A discrete-time system is anything that takes a discrete-time signal as input and generates a discrete-time signal as output.1 The concept of a system is very general. It may be used to model the response of an audio equalizer or the performance of the US economy.

In electrical engineering,
*continuous-time* signals are usually processed
by electrical circuits described by differential equations.
For example, any circuit of resistors, capacitors and inductors
can be analyzed using mesh analysis to yield a system of differential
equations.
The voltages and currents in the circuit may then be computed
by solving the equations.

The processing of *discrete-time* signals is performed by discrete-time
systems.
Similar to the continuous-time case,
we may represent a discrete-time system either by a set of
difference equations or by a block diagram of its implementation.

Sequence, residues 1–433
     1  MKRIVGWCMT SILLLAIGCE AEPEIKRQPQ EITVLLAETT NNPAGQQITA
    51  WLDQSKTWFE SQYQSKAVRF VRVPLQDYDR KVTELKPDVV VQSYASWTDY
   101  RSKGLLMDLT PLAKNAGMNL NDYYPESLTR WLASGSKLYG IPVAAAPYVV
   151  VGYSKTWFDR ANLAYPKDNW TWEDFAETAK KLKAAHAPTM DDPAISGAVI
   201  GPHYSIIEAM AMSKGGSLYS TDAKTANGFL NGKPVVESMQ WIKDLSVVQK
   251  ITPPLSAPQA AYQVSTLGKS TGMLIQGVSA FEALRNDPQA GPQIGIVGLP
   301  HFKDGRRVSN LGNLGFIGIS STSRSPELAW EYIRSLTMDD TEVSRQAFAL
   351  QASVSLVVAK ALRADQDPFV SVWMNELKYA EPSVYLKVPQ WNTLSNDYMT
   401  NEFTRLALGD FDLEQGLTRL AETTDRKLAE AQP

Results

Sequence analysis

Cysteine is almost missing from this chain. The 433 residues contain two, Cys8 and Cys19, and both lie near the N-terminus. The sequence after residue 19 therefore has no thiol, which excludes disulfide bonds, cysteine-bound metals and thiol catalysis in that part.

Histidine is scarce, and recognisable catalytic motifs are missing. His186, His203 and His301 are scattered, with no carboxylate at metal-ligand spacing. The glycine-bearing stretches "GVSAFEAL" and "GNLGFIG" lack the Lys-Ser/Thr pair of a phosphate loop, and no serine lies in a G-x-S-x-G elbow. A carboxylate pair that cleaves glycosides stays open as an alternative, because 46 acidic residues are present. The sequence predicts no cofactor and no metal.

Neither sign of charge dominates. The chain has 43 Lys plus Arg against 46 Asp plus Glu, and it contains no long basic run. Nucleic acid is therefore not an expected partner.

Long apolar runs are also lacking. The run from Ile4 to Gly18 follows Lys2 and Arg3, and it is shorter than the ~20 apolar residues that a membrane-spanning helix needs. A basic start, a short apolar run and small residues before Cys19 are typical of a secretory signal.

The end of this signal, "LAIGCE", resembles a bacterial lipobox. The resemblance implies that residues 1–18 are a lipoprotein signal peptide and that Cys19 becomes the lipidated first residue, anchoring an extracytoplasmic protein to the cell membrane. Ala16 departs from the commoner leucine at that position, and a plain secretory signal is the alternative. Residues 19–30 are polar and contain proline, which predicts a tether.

For example, consider the following difference equation.

This equation represents a discrete-time *system*.
It operates on the input signal

Mathematically, we use the notation *n*.
This is important since the output at a particular time
can be a function of past, present and future values of

It is usually quite straightforward to write a computer program to implement a discrete-time system from its difference equation. In fact, programmable computers are one of the easiest and most cost effective ways of implementing discrete-time systems.

While equation Equation 1 is an example of a linear time-invariant system, other discrete-time systems may be nonlinear and/or time varying. In order to understand discrete-time systems, it is important to first understand their classification into categories of linear/nonlinear, time-invariant/time-varying, causal/noncausal, memoryless/with-memory, and stable/unstable. Then it is possible to study the properties of restricted classes of systems, such as discrete-time systems which are linear, time-invariant and stable.